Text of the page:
Barack Obama’s comments about the Supreme Court’s supposedly “unprecedented” behavior should it choose to strike down Obamacare may be a political gambit designed to set him at odds with the Court pre-emptively.
Or, it could be an attempt to sway Justice Anthony Kennedy, who has made a habit of switching his positions on key cases just prior to the final bell.
In Planned Parenthood v. Casey (1992), for example, Kennedy originally thought to strike down Roe v. Wade; during the writing process, he reconsidered his position. It didn’t help that Justice O’Connor was in his year “working on him,” according to reports. Kennedy went behind the back of Chief Justice Rehnquist to work with the liberal majority.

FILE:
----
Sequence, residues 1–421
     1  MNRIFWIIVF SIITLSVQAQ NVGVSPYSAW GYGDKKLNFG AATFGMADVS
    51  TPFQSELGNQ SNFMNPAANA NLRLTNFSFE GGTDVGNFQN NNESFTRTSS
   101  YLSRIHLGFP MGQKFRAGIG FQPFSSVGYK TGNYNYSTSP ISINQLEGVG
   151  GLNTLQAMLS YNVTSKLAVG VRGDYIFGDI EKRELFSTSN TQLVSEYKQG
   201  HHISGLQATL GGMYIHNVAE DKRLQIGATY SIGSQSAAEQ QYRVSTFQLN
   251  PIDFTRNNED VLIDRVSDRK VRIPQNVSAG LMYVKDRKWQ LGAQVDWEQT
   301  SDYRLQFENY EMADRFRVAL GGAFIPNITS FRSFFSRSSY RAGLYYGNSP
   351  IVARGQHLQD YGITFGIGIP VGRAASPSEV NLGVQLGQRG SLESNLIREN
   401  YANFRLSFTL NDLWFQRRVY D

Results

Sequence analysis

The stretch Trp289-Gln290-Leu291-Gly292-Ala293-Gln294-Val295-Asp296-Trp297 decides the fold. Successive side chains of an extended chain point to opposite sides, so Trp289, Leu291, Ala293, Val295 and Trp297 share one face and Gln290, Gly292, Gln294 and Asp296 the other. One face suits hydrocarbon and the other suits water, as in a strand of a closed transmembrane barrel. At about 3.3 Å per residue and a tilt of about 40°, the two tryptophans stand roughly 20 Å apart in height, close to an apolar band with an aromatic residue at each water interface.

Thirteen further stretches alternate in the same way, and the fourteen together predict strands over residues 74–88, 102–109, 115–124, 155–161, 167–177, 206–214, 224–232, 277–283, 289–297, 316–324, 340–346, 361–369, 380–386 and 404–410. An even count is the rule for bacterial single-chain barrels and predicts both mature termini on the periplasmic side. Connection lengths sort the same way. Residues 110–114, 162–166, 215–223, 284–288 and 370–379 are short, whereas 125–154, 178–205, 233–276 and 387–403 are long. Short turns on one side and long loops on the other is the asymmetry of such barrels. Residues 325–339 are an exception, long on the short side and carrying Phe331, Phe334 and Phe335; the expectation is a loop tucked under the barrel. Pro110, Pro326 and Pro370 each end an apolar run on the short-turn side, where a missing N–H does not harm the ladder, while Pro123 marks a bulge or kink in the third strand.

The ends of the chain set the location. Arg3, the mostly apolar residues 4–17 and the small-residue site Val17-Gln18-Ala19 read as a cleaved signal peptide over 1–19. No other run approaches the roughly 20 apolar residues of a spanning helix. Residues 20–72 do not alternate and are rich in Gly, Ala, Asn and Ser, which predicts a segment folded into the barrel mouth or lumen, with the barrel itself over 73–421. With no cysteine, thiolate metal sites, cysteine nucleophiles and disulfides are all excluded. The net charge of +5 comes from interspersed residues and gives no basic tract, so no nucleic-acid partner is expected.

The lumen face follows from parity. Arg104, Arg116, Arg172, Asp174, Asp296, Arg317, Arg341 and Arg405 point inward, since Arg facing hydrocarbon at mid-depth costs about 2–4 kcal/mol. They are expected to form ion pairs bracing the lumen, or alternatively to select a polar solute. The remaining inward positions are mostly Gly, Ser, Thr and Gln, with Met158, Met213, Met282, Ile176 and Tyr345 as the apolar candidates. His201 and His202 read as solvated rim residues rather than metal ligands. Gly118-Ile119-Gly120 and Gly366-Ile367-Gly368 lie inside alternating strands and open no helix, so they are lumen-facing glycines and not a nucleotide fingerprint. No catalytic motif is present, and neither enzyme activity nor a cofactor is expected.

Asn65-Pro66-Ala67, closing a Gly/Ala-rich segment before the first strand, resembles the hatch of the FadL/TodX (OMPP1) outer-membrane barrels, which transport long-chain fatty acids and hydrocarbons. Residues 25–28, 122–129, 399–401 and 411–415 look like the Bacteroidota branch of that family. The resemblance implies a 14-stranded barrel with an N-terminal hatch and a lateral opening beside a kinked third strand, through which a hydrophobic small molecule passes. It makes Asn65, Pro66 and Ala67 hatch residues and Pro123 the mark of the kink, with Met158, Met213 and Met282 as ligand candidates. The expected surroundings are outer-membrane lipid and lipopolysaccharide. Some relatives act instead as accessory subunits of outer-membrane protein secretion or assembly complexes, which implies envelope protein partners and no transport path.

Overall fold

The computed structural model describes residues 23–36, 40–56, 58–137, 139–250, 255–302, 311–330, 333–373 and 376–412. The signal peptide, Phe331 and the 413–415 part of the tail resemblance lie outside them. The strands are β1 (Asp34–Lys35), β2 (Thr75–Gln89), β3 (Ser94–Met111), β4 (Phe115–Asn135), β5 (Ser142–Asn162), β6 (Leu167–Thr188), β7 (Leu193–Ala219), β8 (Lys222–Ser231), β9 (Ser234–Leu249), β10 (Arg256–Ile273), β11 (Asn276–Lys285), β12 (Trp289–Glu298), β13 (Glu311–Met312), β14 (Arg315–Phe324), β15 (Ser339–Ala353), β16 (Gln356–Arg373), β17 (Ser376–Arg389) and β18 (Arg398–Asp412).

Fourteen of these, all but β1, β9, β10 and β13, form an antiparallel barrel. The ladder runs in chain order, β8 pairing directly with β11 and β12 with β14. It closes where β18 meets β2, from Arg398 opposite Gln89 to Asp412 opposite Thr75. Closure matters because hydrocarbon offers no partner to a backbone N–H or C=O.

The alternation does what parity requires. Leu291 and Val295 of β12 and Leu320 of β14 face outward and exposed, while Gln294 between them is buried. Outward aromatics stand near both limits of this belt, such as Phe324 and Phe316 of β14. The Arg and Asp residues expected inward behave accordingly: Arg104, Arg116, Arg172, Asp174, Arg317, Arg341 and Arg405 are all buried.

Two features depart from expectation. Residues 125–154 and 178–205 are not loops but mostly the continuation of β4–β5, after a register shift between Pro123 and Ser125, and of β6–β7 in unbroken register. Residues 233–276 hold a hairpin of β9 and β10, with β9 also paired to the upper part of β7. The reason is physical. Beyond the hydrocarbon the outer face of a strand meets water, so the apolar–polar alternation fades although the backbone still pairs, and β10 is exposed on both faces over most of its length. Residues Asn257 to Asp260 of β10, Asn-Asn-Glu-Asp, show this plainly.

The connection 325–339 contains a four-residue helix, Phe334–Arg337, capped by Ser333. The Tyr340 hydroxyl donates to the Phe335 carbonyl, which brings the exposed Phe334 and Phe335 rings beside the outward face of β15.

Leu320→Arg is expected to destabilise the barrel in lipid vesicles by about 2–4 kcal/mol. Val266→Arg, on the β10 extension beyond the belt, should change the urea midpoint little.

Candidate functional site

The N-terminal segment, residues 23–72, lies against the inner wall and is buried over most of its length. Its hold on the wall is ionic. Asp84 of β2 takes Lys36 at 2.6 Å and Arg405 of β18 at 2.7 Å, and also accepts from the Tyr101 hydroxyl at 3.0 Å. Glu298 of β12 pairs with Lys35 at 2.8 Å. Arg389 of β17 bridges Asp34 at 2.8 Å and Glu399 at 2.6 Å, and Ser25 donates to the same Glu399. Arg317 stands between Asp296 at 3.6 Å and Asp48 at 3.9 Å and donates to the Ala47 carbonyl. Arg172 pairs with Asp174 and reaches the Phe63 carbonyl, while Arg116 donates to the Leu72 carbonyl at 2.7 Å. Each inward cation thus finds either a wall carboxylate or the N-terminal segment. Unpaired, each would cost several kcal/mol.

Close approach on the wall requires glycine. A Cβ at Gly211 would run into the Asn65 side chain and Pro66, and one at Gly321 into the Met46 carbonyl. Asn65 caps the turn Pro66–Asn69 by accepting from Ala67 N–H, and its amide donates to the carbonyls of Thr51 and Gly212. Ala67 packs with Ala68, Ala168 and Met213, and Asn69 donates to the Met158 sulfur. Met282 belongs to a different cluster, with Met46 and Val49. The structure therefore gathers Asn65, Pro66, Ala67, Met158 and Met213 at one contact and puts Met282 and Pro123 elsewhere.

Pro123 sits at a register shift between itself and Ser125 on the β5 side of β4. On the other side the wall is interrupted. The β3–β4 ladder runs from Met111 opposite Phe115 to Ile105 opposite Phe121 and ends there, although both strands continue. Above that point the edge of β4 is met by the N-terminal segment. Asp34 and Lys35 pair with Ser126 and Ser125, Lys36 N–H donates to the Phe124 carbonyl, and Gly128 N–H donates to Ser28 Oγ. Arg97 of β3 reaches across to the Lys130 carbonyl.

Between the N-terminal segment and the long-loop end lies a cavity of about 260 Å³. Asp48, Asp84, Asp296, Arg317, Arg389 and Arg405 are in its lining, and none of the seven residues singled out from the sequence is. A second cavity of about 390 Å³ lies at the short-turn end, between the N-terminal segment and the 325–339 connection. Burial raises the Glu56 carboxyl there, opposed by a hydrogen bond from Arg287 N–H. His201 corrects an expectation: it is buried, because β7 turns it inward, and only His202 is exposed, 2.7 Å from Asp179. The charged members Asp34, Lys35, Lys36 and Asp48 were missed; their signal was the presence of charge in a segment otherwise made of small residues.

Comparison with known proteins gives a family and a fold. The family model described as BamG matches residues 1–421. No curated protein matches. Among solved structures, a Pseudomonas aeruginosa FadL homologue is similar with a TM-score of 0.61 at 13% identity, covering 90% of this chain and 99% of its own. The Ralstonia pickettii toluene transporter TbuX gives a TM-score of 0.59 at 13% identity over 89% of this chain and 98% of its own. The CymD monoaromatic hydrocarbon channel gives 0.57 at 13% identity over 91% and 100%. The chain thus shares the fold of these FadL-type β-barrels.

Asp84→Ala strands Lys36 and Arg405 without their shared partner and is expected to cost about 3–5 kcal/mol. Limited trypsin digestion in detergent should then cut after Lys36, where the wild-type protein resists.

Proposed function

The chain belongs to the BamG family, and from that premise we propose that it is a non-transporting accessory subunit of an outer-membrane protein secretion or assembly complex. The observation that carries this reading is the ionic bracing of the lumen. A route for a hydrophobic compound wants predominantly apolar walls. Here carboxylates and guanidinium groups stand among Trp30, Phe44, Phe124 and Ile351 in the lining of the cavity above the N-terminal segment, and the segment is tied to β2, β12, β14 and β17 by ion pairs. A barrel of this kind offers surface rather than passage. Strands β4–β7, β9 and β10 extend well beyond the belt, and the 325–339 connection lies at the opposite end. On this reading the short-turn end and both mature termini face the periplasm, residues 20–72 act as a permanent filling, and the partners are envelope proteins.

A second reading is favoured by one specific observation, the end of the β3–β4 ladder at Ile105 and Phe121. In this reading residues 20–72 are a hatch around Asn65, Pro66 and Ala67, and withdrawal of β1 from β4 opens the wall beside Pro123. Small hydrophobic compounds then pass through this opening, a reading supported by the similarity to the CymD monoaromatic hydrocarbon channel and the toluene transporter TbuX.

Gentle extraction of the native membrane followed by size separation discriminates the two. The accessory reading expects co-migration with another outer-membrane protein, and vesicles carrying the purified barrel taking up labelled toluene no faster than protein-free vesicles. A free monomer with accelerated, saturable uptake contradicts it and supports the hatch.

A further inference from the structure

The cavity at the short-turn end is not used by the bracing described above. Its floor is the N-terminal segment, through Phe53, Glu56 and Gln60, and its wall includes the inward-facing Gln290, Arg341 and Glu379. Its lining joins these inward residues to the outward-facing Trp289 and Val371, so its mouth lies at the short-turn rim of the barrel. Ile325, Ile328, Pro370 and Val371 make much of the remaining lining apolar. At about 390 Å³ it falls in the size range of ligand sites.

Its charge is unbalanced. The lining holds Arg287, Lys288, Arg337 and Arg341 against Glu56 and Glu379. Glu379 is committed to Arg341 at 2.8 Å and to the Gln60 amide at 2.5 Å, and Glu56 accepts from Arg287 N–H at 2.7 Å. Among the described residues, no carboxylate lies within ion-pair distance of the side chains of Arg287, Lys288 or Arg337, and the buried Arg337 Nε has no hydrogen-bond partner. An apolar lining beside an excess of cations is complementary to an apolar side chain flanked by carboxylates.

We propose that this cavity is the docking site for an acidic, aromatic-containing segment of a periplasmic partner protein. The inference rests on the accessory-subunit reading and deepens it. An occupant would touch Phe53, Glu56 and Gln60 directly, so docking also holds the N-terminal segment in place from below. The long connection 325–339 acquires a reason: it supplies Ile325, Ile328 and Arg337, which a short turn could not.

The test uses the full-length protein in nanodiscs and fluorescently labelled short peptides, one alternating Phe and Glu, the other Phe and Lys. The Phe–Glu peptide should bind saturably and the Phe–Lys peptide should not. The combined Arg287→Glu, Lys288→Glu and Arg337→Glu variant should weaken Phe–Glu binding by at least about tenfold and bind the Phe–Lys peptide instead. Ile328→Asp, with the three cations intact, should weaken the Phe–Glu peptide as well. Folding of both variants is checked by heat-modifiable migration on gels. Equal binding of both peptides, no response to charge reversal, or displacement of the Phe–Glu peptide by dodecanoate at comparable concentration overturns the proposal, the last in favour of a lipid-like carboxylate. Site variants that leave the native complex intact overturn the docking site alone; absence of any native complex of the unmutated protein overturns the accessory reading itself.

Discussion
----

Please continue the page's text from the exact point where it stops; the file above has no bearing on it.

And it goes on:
That same year in a school prayer case, Kennedy also turned his coat late. Mike Sherman of AP reported about that case: “In the end, Kennedy ended up writing the opinion for a different five-justice majority striking down the graduation prayers. According to several accounts, Kennedy simply changed his mind during the writing process.”
It is not rare for justices to allow outside considerations to cloud their decisionmaking. My constitutional law professor at Harvard Law, Richard Parker, clerked for Justice Potter Stewart; he talked openly about how one justice in particular changed his opinion in Wisconsin v. Yoder (1972) because children were protesting outside his office.
Using the power of the presidency to bully the Supreme Court is out of bounds. But it’s perfectly within pattern for Obama, who did it from the pulpit at the State of the Union Address in 2010. It didn’t work then. The question for Justice Kennedy is whether it will work now.